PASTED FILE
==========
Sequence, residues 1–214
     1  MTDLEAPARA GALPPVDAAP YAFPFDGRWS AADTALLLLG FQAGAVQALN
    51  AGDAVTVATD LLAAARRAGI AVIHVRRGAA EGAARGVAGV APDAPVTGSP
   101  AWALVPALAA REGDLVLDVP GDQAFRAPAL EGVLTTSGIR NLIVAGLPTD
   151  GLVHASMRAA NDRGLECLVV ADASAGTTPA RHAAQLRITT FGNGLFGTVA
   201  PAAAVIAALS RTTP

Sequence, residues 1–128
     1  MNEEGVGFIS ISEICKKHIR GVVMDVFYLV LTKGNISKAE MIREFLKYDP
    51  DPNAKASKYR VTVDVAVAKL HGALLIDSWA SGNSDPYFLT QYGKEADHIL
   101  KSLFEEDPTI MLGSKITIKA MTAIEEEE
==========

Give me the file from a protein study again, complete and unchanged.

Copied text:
Sequence, residues 1–214
     1  MTDLEAPARA GALPPVDAAP YAFPFDGRWS AADTALLLLG FQAGAVQALN
    51  AGDAVTVATD LLAAARRAGI AVIHVRRGAA EGAARGVAGV APDAPVTGSP
   101  AWALVPALAA REGDLVLDVP GDQAFRAPAL EGVLTTSGIR NLIVAGLPTD
   151  GLVHASMRAA NDRGLECLVV ADASAGTTPA RHAAQLRITT FGNGLFGTVA
   201  PAAAVIAALS RTTP

Sequence, residues 1–128
     1  MNEEGVGFIS ISEICKKHIR GVVMDVFYLV LTKGNISKAE MIREFLKYDP
    51  DPNAKASKYR VTVDVAVAKL HGALLIDSWA SGNSDPYFLT QYGKEADHIL
   101  KSLFEEDPTI MLGSKITIKA MTAIEEEE